gallery Saudi Arabia Promises to Match Iran’s Nuclear Power

By TelesurMay 14, 2015 “Information Clearing House” – The announcement has caused concern in the White House.

As United States President Barack Obama prepares to meet with representatives of the Gulf States on Thursday, The New York Times revealed  that Saudi officials claim they will equal Iran’s nuclear capabilities.

According to the newspaper’s article published Wednesday that quoted an anonymous Saudi official, the House of Saud will react to an eventual Iran nuclear agreement by raising its own nuclear capacity.

The report also cites a former Saudi intelligence offical who has been touring the world, promoting the same idea.

“Whatever the Iranians have, we will have, too,” said Prince Turki bin Faisal, the 70-year-old former Saudi intelligence chief, during a recent conference in South Korea.

The Saudi Kingdom is suspected to already possess nuclear weapons. Intelligence agents and diplomats have claimed Riyadh has had nuclear weapons since 1998.

According to a report published by German magazine Cicero, the Pakistanis helped their Saudi partners acquire nuclear missiles and warheads, which are kept in a secret underground compound several miles away from Riyadh, Saudi Arabia’s capital.

Western intelligence officials also calculate Saudi Arabia has financed at least 60 percent of Pakistan’s nuclear weapons program.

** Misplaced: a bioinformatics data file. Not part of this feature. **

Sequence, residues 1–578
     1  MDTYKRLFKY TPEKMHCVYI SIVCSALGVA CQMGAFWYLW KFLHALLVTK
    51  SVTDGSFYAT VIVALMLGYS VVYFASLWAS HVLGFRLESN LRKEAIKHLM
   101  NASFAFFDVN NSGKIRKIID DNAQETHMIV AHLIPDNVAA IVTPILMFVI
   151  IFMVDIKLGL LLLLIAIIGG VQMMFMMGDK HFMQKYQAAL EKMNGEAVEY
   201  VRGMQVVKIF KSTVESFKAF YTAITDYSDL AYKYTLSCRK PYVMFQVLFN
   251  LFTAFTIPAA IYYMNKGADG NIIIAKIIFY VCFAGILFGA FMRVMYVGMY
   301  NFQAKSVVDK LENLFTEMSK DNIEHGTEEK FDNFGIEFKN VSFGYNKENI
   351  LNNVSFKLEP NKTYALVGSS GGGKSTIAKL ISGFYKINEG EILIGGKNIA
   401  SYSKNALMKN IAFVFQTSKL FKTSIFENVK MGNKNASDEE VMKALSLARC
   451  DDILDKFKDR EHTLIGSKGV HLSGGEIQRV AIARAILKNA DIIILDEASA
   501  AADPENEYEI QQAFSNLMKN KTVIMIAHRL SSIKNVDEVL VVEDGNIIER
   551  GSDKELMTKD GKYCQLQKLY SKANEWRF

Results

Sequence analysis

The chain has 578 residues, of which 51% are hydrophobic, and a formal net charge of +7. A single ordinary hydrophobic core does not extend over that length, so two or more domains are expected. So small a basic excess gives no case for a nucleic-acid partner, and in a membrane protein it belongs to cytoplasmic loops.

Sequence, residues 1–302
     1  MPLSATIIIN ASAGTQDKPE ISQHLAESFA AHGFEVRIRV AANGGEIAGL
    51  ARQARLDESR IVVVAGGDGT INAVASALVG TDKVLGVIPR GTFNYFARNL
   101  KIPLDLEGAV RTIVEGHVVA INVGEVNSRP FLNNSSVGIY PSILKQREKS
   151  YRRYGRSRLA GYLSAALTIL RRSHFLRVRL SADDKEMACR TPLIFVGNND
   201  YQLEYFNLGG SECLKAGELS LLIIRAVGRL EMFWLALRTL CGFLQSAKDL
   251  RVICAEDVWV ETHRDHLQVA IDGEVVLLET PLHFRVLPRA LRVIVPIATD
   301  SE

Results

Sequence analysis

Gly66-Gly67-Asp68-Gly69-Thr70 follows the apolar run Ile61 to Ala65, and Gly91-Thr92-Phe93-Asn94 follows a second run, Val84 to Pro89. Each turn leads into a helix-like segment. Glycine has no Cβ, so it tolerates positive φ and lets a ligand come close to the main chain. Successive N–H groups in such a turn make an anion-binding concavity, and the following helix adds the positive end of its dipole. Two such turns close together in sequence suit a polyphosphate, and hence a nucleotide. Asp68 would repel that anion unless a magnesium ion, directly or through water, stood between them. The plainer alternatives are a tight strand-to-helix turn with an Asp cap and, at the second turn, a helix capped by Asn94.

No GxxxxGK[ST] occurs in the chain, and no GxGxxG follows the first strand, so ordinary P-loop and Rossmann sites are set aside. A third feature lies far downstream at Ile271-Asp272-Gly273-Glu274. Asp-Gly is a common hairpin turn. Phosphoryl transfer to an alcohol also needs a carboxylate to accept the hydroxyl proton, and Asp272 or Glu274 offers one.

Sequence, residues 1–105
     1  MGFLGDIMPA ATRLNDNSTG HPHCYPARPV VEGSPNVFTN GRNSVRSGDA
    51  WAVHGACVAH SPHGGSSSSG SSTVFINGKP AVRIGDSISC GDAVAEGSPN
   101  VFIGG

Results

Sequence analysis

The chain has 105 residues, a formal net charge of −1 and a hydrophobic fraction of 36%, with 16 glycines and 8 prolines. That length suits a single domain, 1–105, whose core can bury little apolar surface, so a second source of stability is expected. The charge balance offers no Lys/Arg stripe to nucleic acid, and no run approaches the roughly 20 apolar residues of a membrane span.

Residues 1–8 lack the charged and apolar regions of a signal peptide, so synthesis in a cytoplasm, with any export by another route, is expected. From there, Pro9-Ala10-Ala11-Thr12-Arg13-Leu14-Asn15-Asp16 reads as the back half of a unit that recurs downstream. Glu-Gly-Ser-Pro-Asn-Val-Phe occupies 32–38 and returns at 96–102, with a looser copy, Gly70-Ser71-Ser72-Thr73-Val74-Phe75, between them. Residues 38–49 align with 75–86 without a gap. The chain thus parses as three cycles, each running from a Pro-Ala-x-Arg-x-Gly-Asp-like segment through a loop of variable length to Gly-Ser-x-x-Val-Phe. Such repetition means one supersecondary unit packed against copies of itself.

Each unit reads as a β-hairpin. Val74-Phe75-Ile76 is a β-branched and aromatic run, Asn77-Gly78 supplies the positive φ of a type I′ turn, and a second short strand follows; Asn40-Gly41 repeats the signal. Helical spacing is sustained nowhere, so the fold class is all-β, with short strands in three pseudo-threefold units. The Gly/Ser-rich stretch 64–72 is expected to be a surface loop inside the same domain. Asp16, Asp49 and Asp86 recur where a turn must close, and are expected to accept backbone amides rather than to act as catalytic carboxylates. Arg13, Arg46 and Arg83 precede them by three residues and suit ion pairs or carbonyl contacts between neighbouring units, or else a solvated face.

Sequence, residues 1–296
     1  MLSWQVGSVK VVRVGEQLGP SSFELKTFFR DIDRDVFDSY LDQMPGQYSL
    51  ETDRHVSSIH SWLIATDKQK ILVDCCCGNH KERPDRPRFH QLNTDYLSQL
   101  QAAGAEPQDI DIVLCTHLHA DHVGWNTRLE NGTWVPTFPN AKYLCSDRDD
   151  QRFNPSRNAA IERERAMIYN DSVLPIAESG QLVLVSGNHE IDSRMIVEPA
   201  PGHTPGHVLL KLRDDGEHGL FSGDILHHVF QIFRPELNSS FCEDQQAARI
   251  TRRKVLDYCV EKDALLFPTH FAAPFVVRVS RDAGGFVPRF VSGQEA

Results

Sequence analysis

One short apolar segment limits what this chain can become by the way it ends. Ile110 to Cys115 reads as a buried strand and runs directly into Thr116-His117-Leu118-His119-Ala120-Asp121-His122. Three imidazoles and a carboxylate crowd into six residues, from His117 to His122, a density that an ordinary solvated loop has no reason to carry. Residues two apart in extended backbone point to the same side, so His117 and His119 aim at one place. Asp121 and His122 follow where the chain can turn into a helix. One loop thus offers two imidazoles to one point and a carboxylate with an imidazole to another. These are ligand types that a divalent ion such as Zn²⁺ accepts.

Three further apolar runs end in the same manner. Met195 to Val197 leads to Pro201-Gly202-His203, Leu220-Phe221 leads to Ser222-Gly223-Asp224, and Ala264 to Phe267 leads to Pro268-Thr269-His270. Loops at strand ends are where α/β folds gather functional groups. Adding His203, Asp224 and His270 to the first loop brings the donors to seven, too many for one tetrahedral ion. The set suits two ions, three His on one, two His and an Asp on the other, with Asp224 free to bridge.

According to The Guardian, the Saudi Kingdom would have been seeking to acquire nuclear weapons since early 2000. It is widely believed that the kingdom and the Pakistanis have an arrangement of cooperation through which the Saudis can request an immediate shipment of nuclear arsenal.

Obama met with Saudi princes in the Oval Office  Wednesday ahead of Thusrday’s meeting in Camp David with representatives of the Gulf Cooperation Council.

Both Saudi Arabia and the Gulf States together with Israel – all traditional U.S. allies – oppose a nuclear agreement with Iran, and the issue is likely to be discussed during Thursday’s meeting.

The Gulf States have discussed a collective civil nuclear program of their own. The United Arab Emirates signed a deal with the U.S. several years ago to build nuclear power plants, but it is prohibited under that plan from enriching its own uranium.

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